Paul Mariani: On "The Yachts"
The Yachts," that often anthologized, uncharacteristic effort of Williams, which Williams liked though he knew its technique was imitative. He had begun it with Dante's terza rima since he was borrowing the scene from the Inferno where Dante and Virgil must cut through the arms and hands of the damned floating beneath them who try to sink their small boat. Williams was remembering the magnificent America's Cup yacht races he had seen off Newport, Rhode island, and the ambivalence he had felt watching all that aristocratic skill while knowing that it was a nation of poor people who in reality supported this small privileged class. In a letter he wrote in late August of that year to Pound, after "The Yachts" had already been printed in the New Republic, Williams provided an extraordinary gloss on the sentiments expressed in that poem. The letter was written from Woods Hole, Massachusetts, where Williams had taken Floss and Paul to visit young Bill, who was working in marine biology at the laboratories there for the summer.
Williams had just finished reading Pound's latest book, Jefferson and/or Mussolini, and had enjoyed it because Pound had persisted "in finding a local solution pertinent to the present world situation." But Italy was not America, and Williams believed now that the revolution in America was further off than ever. At that moment the trouble with Americans getting anything like justice served to them, as far as Williams was concerned, was "the organized opposition by the wealthy Republicans to everything Roosevelt is trying to do. It's a race: he'll do it his way, putting over the rudiments of an idea, or they'll get the whip hand back and kill the idea." And if the moneyed Republicans did get power, any chance of a revolution would be dead. Williams had called it a race: a political race between Democrats and Republicans like those yachts racing for the America's Cup in the summer of '35. One or the other side would win--probably the special interests once again--and the sansou, the poor, the disenfranchised, would be cut aside relentlessly as they clawed against the boats struggling simply to stay afloat.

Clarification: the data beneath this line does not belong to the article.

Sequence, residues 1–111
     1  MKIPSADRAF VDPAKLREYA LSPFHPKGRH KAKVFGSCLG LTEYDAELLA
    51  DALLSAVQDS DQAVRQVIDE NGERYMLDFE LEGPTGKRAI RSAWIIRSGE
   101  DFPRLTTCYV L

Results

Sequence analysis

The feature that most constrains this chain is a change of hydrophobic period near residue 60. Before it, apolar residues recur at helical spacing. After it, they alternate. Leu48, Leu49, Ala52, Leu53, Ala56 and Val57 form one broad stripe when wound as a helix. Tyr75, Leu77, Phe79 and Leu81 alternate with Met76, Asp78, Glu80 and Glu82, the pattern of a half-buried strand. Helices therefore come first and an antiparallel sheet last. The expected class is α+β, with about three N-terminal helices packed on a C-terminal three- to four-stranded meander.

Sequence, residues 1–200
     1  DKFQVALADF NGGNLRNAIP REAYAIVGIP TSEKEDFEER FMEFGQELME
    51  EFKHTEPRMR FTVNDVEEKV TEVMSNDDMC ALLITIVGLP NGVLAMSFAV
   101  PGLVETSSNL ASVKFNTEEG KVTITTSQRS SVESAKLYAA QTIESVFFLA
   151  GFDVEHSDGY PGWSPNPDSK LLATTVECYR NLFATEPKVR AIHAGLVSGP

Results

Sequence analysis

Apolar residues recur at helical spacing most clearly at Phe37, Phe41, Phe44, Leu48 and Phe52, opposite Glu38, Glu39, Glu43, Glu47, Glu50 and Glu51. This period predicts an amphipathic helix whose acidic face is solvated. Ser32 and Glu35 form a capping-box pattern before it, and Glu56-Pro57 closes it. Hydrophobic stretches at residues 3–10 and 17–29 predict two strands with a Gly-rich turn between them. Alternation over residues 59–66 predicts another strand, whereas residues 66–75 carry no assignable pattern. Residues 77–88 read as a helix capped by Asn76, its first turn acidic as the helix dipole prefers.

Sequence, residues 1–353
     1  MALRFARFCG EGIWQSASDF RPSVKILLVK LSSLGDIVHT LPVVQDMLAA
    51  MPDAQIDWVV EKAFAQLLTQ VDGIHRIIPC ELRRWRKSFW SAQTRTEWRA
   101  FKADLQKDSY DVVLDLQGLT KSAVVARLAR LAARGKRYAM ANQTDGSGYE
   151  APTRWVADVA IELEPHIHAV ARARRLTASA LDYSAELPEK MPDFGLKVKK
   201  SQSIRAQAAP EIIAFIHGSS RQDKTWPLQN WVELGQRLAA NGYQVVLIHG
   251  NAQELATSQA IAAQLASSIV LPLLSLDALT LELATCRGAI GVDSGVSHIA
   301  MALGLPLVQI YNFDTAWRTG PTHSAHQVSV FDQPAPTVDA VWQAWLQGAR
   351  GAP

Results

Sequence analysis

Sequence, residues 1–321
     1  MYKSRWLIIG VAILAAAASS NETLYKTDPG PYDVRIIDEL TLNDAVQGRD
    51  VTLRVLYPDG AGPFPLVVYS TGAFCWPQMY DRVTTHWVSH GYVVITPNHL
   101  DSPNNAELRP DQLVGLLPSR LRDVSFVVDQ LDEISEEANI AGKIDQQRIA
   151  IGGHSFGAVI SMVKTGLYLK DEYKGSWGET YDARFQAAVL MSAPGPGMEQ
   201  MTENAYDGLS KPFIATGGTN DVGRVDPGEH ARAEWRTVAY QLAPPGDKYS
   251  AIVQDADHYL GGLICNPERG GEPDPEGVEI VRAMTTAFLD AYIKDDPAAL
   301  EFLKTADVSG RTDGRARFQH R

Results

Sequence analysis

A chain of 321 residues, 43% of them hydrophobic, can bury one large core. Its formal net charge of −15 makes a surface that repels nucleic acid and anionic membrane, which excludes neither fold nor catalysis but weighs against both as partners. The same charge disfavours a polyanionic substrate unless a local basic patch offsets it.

From William Carlos Williams: A New World Naked. Copyright © 1981 by Paul Mariani.
|Title||Paul Mariani: On "The Yachts"||Type of Content||Criticism|
|Criticism Author||Paul Mariani||Criticism Target||William Carlos Williams|
|Criticism Type||Poet||Originally Posted||19 Oct 2015|
|Publication Status||Excerpted Criticism||Publication||No Data|
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